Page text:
91714 5 Carbohydrates sugars lGeneral chemical formula CHZOn lRange of molecule sizes a monosaccharides onesugar D oligosaccharides fewsugars Ch 5 Introduction to Carbohydrates D polysaccharides manysugars 91714 91714 72 5 Monosaccharides Building polysaccharides b Ring tomis of glucose CH20H aGlucose Oxygen from the 5 1 0 5carbon bonds to 391 H th 1 b lt39 inirirfgrstfu ctrjfeu quot399 Ho 3quot 2739 KOquot lMonosaccharides can be JOlned together 393 c c u u u u anml J I CI us1ng a glycos1d1c linkage H r gt H quotmegquot lSimilar to the pattern we saw With amino s no l o CW BGluco ac1dsprote1ns and nucleic ac1ds DNA but quot H 9 m with these there are more than one way H gtc To 7 c they can connect 0 c c H L I39m x 91714 91714 74 Glycosidic linkage lGlycosidic links form between OH groups on individual monosaccharides IIndividual monosaccharides can have many OH groups so many ways they can be attached together 91714 91714 76 Building polysaccharides a Formation of ocglycosidic linkage iii Glucose uGlucose e firion 590 5 5 H OH H OH H no on H0 on r on 1 H OH quot2 ll t omen Maltose cupquot l 5 5 39 H H H H H c c c i on u on u K r o i HO 0 c g oquot a 2 14 a 2 1 H 0 glycosidic H OH 91714 77 Building polysaccharides b Formation of Bglycosidic linkage udealactose uGlucose a u tl 39lgOH cup 5 5 HO m 120quot quotEM 3quot y OH H 0quot H H I N no H 3 2 3 I H OH 1 H OH quot2 i 3140 Laclose H on 5i i i HO O i i l0 0 c C on M I v H H H quotol 0 on i I2 hM 5 H on mmng cup V 91714 Building polysaccharides lThese bonds are l 4 bonds because those are the carbons that are connected I l 4 bonds are the most common but they re not the only way monosaccharides can connect to each other I What does this mean 91714 H 3 U Common polysaccharides 79 511wch rm 2 Potysattharldes Differ in Slmclure Wuhan heman Stuaw quot11Mquotan Stratum Sunk xlvu39v u Lluo l39 a uwu k mun 3 3 1 C 1 gal 9quot o 39V quot3 0 1 b JII H H J j39z tllidlu a r aez39r39rbshwmn 1nv a I v nro39 39H Ghtogen Inf 39vtn Iw hxnxr N n mm mum myquot n ma 5quot 91714 91714 H LZI U Common polysaccharides I Starch Chain of xglucose molecules Forms a helix Has a l 6 glycosidic link 30 monosaccharides I Forms branches Used for energy storage 91714 H ll U Common polysaccharides I Glycogen Chain of xglucose Has a l 6 glycosidic link 10 monosaccharides Used for energy storage 91714 3 U Common polysaccharides I Cellulose Polymer of Sglucose Geometry of Sglucose means the neighboring sugars are ipped in relation to each other No helix but parallel strands can form H bonds with each other Can make thick fibers great for support in plants 91714 91714 41F 83 i7 Common polysacchar1des Carbohydrate funct1ons I Cellulose Side View aw on mm s 1 Polysaccharldes Differ in Structure cellulose molecules XLW I low Threedining Savan a quot39 quot l J Fibers crisscross to lt5quot 39 make a sheet on whoquot I Very strong gm 3 l 1 Also enzymes that break oc l 4 glycosidic Q FaniaIsl39n39dk 0 quotmilquot quotvangm ho ru39 W quot quot10quot enzymes that break 3l4 glycosidic bonds are rare 91714 91714 41F 41F 8 Carbohydrate functions Common polysaccharides SlJvMWV mm H Polysaicharides Differ in Structure WarnHe Omniul Sumac mMlmumiool Sunlqu lCellulose is indigestible by us IDietary fiber are carbohydrates 91714 91714 91714 H C 3 U Common polysaccharides WWW 010 UmJlur A 31439quot bch u l HOM 23 77 quot eg 91714 Carbohydrates and cell identity Outside Oligosaccharide I Anchored in our cell membranes are proteins with small carbohydrates attached to them f 4 63903996quot6co1 I vllllllll 39 aquot i A lllllltll am of cell Glycoprotein I Glycoproteins 91714 Carbohydrates and cell identity I Our cells need to outside Oligosaccharide identify which ones are us and which are not I Glycoproteins can also be used to label types of cells Inside 4 of cell Glycoprotein eg muscle nerve etc 91714 Carbohydrates and cell identity Outside Oligosaccharide I Glycoproteins are displaying information Inside of cell Glycoprotein 91714 91714 E 97 CH Ll Review question It will taste A salty The enzyme amylase found in human saliva B sweet breaks a l4glycosidic linkages in starch If you hold a saltine cracker in your mouth long C 50W enough it Will taste D bitter n j Review question Lysozyme is pa rt of the system The enzyme lysozyme found in human A CirCUIatOFY saliva tears and other secretions breaks B Digestive down 5 l 4glycos1dic linkages in peptidoglycanWe would most accurately C NerVOUS class1fy lysozyme as part of our D Immune system s 91714 6 0 91714 Ch 6 Lipids and 91714 Lipids 102 membranes 91714 103 Hydrogen bonding a Water is polar b Hydrogen bonds form 5 between water molecules Electrons are pulled toward oxygen 639 8quot H H u x k 8 8quot k DMFMwlu n 91714 b Fatty acid Kc0 Carboxyl group H20 H CCHZ 2 CH 2 I C containing H2 3H molecules that are Hzc 2 mostly nonpolar and H 63quot ggifmmquot hydrophobic 2 2 H26 H cCHZ 2 H CgtCH2 3 91714 1 4 0 Lipids b Fatty acid Kco Carboxyl group H20 I C H bonds share H c 2 2 electrons equally so gtCH2 they don t form HzcCH 2 hydrogen bonds won t H2Clt CH gtHydrocarbon d1ssolve in water 26 2 chain gtCH2 I The hydrocarbon Hzc chain is hydrophobic quotaccquot gtCH2 H3 91714 Types of lipids I Fats Assembled from 3 fatty acids and 1 glycerol molecule a Fats form via dehydration reactions Glycerol H0 0 H20 Dehydration reaction Fatty acid DL u IFmurEumm 1 91714 91714 Types of lipids I Fats Assembled from 3 fatty acids and 1 glycerol molecule b Fats consist of glycerol linked by ester linkages to three fatty acids Ester linkages 91714 Types of lipids I Fats are very good for energy storage C H bonds contain a lot of energy I Chemical differences between fats are caused by variation in the fatty acid tails 107 b Fats consist of glycerol linked by ester linkages to three fatty acids Ester linkages 91714 Types of lipids I If 2 carbons in the chain form a double bond the fatty acid is unsaturated unsaturated fewer H atoms than maximum possible I Unsaturation causes a shape change in the fatty acid Double bonds cause kinks in phospholipid tails me on H20 CH2 cu Unsatu rated fatty acid Saturated fatty acid 91714 91714 4 Types of lipids Types of lipids Copyrmlo The McGrawMu Znnames Inc Pemussuon tenured by rmoductm a display Copngtt DTM McGradel animusx Inc Pmmrssm tenured bu moductm a dismay v 4 w w 4 u a J J 4 quot3 11quotquot 9 quot carboxyt group Cl Hii o bend caused by double bond J CreHsaoz carboxyl group b Steanc acid a saturated tarty acid no double bonds found in butter a Oleic acid a monounsaturated fatty acid one double bond found in canola oil 91714 91714 41 41 Lipids Fats and oils Lipids Fats and oils Unsaturated fats Setwated fats canola oil Key quotu saturated tat 9395 monounsaturated at samer 9 I 79 3933 polyunsatuvatcd tat I Double bonds mean fatty acids 31 cholesterol Can t 13 t gether No double bonds tight quotquot quot I Usually found in plants 39 SOlidS I can be mono or pols I Usually found in animals butter 62 5 3 unsaturated coconut oil 82 7 Numbers In percent gt 91714 91714 91714 Types of lipids IUnsaturated fats can be hydrogenated Add H to eliminate double bonds lHydrogenate liquid vegetable oils gt solid fats shortening IIncomplete hydrogenation trans fats 113 I U Types of lipids I Steroids Large 4 ring structure with the hydrocarbon tale Includes cholesterol a A steroid Polar hydrophilic Nonpolar hydrophobic Schematic Space lling R 91714 CH Li Steroids n 39r I w y vr 39 I39n Lu IDI39II otuwnl lg obvulun us up u w us u m H Lquot In I 39 IrF Qlul amp amp tum Il Innr ol KRJ39Jvh Ii vul Q 54 usemu ul y 91714 91714 CH U 0 Ster01ds i inhuman lh m scanWWKmOAQqu 91714 10 91714 Types of lipids b A phospholipid I Phospholipids 2 fatty acids l 5333 glycerol l phosphate group with a small charged I molecule attached 333332373 L g hi gr Basic building blocks of membranes J but not the only one 91714 1quotTypes of lipids b A phospholipid I Key is the hydrophiliC Polar head interacts with water the nonpolar tail hates water head with the hydrophmci hydrophobic tail amphipathic I Nonpolar tail I g v I The polar head yd39 ph b39 Er 91714 I Phospholipid bilayers I Phospholipids don t dissolve in water because 12 the molecule is nonpolar IPhospholipids will organize so that the waterloving 12 will be near water and the waterhating 12 will be away from water 91714 1 Phospholipid bilayers a L39P39dquot Hydrophilic heads mice es interact with water Hydrophobic tails interact with one Water another Hydrophilic heads 3 Lpd interact with water bilayers ug i 1 Hydrophobic tails interact with one another 91714 11 91714 121 122 Phospholipid bilayers l Phospholipid bilayers l I Phospholipids are not I These structures will bonded to each other form spontaneously v quot 39 4 0 0 o co39o o o WWW 119111 UH 1 39 3 60 39 I Free to move around llllllll l 9 ll Hl l 1111111311 lllll 39 I No energy is required for these to assemble I Bilayers are uid f 3 123 Phospholipid bilayers l Fluid membranes Phospholipids are in constant lateral motion but rarely flip to the other side of the bilayer omuwuwum v 12 91714 Phospholipid bilayers I Since micelles and bilayers form spontaneously they can be made for research 91714 Phospholipid bilayers a Planar bilayers Artificial membranes I Since micelles and bilayers form spontaneous they can be made for research 91714 127 Phospholipid bilayers I These can be used to test the permeability of biological membranes to specific compounds b Artificialmembrane experiments How rapidly can different solutes cross the membrane if at all when 1 Different types of phospholipids are used to make the membrane 2 Proteins or other molecules are added to the membrane 91714 Phospholipid bilayers I Very powerful technique lots of control b Artificialmembrane experiments How rapidly can different solutes cross the membrane if at all when 1 Different types of phospholipids are used to make the membrane 2 Proteins or other molecules are added to the membrane 91714 13 91714 1 Phospholipid bilayers ILipid bilayers are selectively permeable Small nonpolar molecule can move through easily quickly Large molecules and charged ions molecules cannot Why 91714 1 Phospholipid bilayers High permeability glycerdl Large uncharged l po ar molecules Glucose sucrose Permeability scale cmsec Low permeability Phospholipid bilayer 130 91714 139 Movement across membranes IMolecules like 02 and CO2 move easily through membranes without any energy being expended I Diffusion 91714 Movement across membranes I Simple diffusion Compounds will move from regions of high density to low density Concentrations equilibrate over time 91714 14 Diffusion 2 Diffusion 3 Equilibrium 1 Separation of solutes by lipid bilayer orquot y 91714 91714 q 143 Osmosis Diffusion of water affects the concentration of solutes that cannot diffuse I I Na r N33r H20 I I Na I H20 Na Na Na I I H20 N8r H20 Na I Na I Na I Na I Na H O I H20 Na z I 91714 41 Osmosis 1 Unequal 2 Water concentrations movement across membrane 1 Osmosis Na cannot cross membranes but water can I I Na r N33r H20 I I Na I H20 Na Na Na I I H20 N8r H20 Na I Na I Na I Na I Na H O I H20 Na z 91714 15 91714 H C 3 U Osmosis H E How does osmosis affect cells Water will cross the membrane to balance the concentration of Na on each side IWhat would happen to a red blood cell in Na Na H20 H O W distilled water Na Na Na z there is a bit of salt inside RBCs I H20 Na I H20 Na IWhat would happen to a red blood cell 1n a Na Na high salt solution N Na I H O a H20 I 2 Na 91714 91714 In a high salt solution a RBC will RBCs in high salt solution A get bigger B get smaller c stay the same size D spin uncontrollany 99 5 9 395 91714 16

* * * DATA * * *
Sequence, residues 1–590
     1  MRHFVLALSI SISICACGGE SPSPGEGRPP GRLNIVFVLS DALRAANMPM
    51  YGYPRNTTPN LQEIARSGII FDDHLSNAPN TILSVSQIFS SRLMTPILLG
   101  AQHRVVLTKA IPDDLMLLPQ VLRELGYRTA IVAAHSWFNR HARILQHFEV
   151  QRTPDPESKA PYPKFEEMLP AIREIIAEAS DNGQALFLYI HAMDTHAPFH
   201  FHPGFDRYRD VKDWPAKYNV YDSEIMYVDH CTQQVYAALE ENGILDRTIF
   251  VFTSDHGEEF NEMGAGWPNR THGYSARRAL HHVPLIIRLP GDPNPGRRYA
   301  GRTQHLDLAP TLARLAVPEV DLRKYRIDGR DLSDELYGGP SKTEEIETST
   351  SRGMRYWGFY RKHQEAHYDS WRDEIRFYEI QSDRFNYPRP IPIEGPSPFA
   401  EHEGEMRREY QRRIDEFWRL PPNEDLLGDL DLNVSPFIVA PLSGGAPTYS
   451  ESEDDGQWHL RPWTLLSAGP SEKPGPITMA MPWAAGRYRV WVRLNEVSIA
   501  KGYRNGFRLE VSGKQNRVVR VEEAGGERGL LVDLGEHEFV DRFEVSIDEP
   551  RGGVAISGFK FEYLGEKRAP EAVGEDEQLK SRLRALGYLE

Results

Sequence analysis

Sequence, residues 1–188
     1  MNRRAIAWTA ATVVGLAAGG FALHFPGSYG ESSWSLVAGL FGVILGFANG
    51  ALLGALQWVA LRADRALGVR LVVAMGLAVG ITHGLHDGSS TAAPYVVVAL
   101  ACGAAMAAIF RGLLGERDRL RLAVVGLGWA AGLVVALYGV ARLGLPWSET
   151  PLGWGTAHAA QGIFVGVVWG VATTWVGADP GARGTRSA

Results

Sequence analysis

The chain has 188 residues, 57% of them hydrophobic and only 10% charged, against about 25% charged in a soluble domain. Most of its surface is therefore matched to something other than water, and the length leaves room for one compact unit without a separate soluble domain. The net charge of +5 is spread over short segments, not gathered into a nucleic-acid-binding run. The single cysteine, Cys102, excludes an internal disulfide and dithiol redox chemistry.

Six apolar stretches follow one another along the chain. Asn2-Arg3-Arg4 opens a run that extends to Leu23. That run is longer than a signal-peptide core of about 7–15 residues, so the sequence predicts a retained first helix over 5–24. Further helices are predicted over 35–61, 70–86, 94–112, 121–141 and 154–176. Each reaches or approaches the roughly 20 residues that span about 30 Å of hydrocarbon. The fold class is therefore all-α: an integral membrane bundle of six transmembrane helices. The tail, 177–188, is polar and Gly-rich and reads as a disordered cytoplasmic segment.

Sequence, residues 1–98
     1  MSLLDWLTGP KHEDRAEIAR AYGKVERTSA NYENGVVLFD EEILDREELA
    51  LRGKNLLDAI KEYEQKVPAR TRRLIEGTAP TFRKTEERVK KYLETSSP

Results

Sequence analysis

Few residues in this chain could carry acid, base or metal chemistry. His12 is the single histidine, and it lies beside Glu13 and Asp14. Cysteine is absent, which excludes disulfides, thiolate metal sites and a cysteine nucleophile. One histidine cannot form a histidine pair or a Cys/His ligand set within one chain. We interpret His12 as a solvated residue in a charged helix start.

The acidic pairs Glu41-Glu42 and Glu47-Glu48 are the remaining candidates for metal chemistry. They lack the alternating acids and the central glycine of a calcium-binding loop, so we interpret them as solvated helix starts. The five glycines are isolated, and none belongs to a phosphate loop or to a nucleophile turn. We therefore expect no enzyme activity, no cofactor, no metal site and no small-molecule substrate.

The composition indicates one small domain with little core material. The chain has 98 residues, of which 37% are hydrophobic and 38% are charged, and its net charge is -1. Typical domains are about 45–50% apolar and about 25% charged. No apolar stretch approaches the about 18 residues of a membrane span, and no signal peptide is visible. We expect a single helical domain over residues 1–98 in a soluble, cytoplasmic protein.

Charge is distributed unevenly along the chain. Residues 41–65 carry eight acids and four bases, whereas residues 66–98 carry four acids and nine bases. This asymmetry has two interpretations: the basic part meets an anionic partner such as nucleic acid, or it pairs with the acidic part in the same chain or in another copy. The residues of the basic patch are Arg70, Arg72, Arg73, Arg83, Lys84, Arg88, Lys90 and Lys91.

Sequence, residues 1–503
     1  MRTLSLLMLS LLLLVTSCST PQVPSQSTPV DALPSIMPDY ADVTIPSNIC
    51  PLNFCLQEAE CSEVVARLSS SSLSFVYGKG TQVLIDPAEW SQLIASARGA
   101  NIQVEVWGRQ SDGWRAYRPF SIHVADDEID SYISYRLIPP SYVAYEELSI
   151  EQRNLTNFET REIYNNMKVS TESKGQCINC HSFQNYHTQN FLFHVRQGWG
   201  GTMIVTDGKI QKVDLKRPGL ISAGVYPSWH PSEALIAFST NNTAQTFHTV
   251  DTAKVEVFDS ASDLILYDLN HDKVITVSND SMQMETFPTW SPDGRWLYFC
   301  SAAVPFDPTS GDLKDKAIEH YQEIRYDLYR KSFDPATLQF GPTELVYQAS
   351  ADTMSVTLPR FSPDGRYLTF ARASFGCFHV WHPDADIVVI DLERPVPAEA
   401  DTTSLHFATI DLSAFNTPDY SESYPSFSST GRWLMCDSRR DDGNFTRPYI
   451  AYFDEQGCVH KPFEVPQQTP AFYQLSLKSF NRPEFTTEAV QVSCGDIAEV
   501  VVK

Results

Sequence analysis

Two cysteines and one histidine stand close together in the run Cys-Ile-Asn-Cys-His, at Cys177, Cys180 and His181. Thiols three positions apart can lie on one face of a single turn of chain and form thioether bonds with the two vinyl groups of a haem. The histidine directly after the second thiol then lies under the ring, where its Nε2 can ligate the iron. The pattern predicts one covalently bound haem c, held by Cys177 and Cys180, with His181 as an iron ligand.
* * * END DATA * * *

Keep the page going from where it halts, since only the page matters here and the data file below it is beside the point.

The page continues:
Are you sure you want to buy this material for
You're already Subscribed!
Looks like you've already subscribed to StudySoup, you won't need to purchase another subscription to get this material. To access this material simply click 'View Full Document'